In Just April-almost-May by Susan Woodring

In just April-almost-May, when the world is puddle-wonderful, and I am puddle-wonderful, too, full of uishy good feelings and murky little ice-pools of uncertainty, I step outside in the late afternoon and am stunned by the sunshine. There is no old, lame balloonman—none, save the sun—but there is a bit of wee. I am shocked by the blue, by how very very good a small spring breeze feels. The green bouncing in the trees. Wee. Wee. Maybe the goat-footed balloonman is whistling. If I stop. Listen.

So very tired, this time of day.

My newish life—it feels both new and very old, exhaustingly so, nine months in—consists of running out of paperclips and marking attendance and updating reading requirements on my webpage and remembering who needs assignments for his/her day in ISS and showing up at the faculty meeting and the board meeting and the grade-level meeting where we shall determine whether the eighth graders will want fancy punch for their end-of-the-year shindig or if Sprite will suffice. My newish life is bringing a Ray Bradbury story to school just because I like it, and explaining, explaining, explaining point of view and the structure of a sonnet and how to find the passage’s main idea, determine the author’s purpose so you can bubble it in on I test. I (attempt to) teach the very premise of our language: you need a subject and a verb in that sentence. Please begin with a capital letter. Please include end punctuation.

(I don’t even try commas.)

(Or parentheses.)

My new love’s eyes are nothing like the sun, and they aren’t brown, either, as I’d once thought. Green, he corrected me. He found me in a guitar closet, or that’s where I found him. The chronology isn’t important. Listen: we found each other. He is my paddleboat. I am his swan. Or vice-versa. There’s crazy love in these waters, inside this guitar closet. Nobody takes pictures, though, except me. Mind’s eye photography. I capture everything. I try.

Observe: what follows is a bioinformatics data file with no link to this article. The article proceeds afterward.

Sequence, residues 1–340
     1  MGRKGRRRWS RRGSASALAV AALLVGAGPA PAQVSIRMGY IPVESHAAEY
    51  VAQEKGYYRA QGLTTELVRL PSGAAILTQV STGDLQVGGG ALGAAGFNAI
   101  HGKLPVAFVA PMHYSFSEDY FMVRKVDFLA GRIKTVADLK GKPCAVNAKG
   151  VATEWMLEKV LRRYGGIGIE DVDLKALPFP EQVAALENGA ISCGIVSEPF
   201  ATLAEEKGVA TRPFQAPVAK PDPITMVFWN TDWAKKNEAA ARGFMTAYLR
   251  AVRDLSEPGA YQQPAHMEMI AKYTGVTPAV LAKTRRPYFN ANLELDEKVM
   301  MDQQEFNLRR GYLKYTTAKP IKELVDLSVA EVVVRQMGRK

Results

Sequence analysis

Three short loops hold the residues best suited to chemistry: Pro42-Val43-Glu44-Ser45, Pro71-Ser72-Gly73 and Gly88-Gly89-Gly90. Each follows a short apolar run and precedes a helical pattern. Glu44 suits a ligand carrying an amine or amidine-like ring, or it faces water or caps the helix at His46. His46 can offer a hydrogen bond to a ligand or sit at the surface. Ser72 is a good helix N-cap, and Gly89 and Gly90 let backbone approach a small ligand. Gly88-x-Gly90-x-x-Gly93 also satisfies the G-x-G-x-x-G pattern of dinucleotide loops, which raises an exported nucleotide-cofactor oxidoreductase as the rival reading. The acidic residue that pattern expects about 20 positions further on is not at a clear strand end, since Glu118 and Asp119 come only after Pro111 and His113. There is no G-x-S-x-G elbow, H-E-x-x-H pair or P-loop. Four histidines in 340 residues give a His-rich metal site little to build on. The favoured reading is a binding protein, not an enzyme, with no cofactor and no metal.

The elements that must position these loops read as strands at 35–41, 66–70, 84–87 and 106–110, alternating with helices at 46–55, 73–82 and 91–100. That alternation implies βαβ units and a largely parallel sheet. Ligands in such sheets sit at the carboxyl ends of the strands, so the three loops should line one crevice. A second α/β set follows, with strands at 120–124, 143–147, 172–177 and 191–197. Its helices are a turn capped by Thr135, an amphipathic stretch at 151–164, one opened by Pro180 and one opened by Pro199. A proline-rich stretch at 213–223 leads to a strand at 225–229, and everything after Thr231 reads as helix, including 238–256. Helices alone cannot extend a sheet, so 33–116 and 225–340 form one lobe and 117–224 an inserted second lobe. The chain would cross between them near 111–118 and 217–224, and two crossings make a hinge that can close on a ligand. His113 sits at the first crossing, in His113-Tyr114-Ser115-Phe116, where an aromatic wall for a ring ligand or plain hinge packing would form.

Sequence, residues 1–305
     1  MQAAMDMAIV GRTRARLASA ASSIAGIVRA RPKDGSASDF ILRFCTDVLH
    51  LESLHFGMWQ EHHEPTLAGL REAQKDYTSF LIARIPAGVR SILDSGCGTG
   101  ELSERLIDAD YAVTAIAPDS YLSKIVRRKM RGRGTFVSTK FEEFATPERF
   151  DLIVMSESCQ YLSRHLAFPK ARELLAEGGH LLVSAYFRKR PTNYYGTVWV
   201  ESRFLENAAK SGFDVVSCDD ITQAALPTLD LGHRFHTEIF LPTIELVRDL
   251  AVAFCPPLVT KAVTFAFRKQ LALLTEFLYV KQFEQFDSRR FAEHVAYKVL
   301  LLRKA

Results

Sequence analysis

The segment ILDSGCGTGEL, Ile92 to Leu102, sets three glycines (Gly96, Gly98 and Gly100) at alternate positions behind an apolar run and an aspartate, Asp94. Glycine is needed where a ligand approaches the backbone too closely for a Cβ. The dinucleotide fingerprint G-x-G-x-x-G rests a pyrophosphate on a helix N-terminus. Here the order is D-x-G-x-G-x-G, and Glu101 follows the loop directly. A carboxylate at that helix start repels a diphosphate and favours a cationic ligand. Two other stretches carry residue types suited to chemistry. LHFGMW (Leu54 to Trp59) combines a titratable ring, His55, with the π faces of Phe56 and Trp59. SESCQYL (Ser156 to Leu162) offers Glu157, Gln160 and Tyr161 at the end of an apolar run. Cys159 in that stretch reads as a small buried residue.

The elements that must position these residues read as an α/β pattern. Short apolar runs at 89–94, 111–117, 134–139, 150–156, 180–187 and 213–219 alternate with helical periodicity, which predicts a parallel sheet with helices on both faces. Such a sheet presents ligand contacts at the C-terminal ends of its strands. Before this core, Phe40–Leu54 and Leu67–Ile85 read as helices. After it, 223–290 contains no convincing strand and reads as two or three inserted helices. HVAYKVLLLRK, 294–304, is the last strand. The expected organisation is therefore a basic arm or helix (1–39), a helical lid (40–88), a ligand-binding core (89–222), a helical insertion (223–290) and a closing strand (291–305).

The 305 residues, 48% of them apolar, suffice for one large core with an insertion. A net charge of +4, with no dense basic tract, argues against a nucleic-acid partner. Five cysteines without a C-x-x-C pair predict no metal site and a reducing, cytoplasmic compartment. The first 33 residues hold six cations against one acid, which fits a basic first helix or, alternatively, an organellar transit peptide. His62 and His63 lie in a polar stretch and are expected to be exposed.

We pretend to count shooting stars. Listen, I say. I tell him everything. He teases me. I’m talking too much.
I profess great skill on the badminton court. I’m lying.

The Ray Bradbury story won’t be on the EOG. I fear it’s a problem with copyright. Or a problem with weird. With inventive, thrilling fiction. These children are trapped on a planet where the sun only shines once every seven years. Their parents have given all their money away to bring them here and now, no one can afford to go home. They lock Margot in a closet—not a guitar closet—and forget all about her. Poor, sickly pale Margot from Ohio misses Venus’s rare glimpse of the sun.

(He knows I’m lying.)

Kids are cruel. They are. They can be. But, more than cruel: they’re vulnerable. And scared. And eager. And afraid to be eager. Afraid to show just how very eager they are to fling themselves down on the summer grass and, first spying a grasshopper, and second, army-crawling to it, watch the machination of its mastication.

(About the shooting stars and badminton.)

The apartment complex where I am living now is made up of dull-yellow buildings trimmed in horrible brown. The ugliest place in the world, maybe. But. There is the river behind it and even though taking the trash out at night is no glamorous, wonderful thing, it is if I can feel the night air and look up at the sky and let it settle me. There are frogs on the sidewalks. Tenants step out onto their decks to smoke cigarettes and talk on their phones. There is one woman, made immobile by her size, who sits by the sliding glass door as if to advertise her immobility, her diminished ability to enjoy this world. She sits in a recliner with her enormous, naked legs spread beneath her and the lights playing across the wall tell me the thing she’s facing and facing and facing is a television. Walking back up from the dumpster, I pass parked cars with people inside, eating things I can’t quite make out and talking on their phones.

It’s better to be lost. How else can I find you?

In a guitar closet.

Listen: I have something to tell you. It’s spring. It’s spring-wonderful and this world is full of oddly structured earthlings, including the old, lame balloonman. Wee. Such singing in the wild branches! Such wildness. Such spring. In just April-May. I’m full of puddles. On a road that’s winding. When our paths cross, let me remind you of this: I know your eyes. Not their color, precisely, maybe. But I know all the things there are to know about them. So much that I can’t put in this essay. So much I can’t say.


Susan Woodring
Susan Woodring

Susan Woodring is the author of the novel,Goliath (St. Martin’s Press, 2012) and a short story collection, Springtime on Mars (Press 53, 2008). Her short fiction has appeared inThe Cupboard, Passages North, turnrow, Literary Mama and Surreal South, among other anthologies and literary magazines. Her short fiction was shortlisted for Best American Non-Required Reading 2008 andBest American Short Stories 2010. Susan currently lives in the foothills of North Carolina where she writes and homeschools her two children.

 

Read All Columns by Susan Woodring
Goliath by Susan Woodring
Goliath by Susan Woodring
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